Big boost for importers…as paperless port system allows for clearance of goods in 24 hours

Vice President Dr Bawumia interacting with some officials at the council meeting

Vice President Dr Bawumia interacting with some officials at the council meeting

The maximum period it takes importers to clear goods from the port has been reduced from three weeks to three days since the introduction of the paperless port system barely a year ago.


Although it takes maximum of three days to clear goods, about 43 per cent of importers are able to clear their goods within 24 hours.


Vice President Dr. Mahamudu Bawumia gave these statistics yesterday when he opened the 39th Council Meeting of Port Management Associations of West and Central Africa (PMAWCA) at the Shippers House in Accra.


The Paperless Port System was introduced last year to, among other things, reduce the turn-around time and ensure efficiency at the ports.


The system forms part of the government’s broader vision of reducing the cost of doing business in the country to encourage productivity and attract investors.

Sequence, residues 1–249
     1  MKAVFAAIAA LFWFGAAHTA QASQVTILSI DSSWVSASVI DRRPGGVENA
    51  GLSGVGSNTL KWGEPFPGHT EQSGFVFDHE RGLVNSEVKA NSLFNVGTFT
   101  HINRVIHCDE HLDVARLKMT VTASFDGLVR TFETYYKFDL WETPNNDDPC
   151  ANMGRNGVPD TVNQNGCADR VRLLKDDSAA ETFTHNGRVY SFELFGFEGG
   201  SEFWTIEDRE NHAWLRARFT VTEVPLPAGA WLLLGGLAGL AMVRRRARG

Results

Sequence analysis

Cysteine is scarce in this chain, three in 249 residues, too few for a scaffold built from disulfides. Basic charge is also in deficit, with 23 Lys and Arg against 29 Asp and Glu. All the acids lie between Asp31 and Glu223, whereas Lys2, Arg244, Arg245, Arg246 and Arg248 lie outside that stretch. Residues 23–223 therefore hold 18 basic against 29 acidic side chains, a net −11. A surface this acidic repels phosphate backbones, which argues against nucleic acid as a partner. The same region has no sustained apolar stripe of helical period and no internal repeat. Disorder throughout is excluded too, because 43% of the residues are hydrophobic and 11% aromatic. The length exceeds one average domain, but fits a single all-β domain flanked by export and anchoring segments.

In addition to the paperless port system, the Vice President said the various regulatory inspection agencies had also been reduced from 16 inspection agencies to three agencies.


This means importers go through only three inspection agencies to clear their goods from the ports.


“Previously, importers used to go around the ports looking for all the 16 agencies to inspect their goods before they can clear them. Now we have reduced the inspection agencies to only three,” he said.


Internal custom barriers had also been abolished, the Vice President said and added that the activities at the Long Room at the port had been automated.


Touching on the port expansion project at the Tema and Takoradi ports, he said the projects, when completed, would increase container traffic at the two ports from 1.6 million Twenty-Foot Equivalent Unit (TEU) to 4.5 million TEU.


Vice President Bawumia said the vision of President Nana Addo Dankwa Akufo-Addo’s administration was to make Ghana’s port one of the best in the world to position the country as the destination of choice.


Citing Singapore and Dubai as examples of countries that had drastically improved efficiency at their ports, he said Ghana’s ports could become one of the best in the world if managed properly.


However, he said the port would become a spot for extreme corruption if not managed well.


He said the government, on its part, would work towards ensuring efficiency in cargo handling and service delivery as part of measures to reduce the cost of doing business in the country and urged all stakeholders at the port to support the government.


Vice President Bawumia entreated the Ghana Ports and Habour Authority and the Customs Division of the Ghana Revenue Authority to integrate their systems to improve efficiency at the port.

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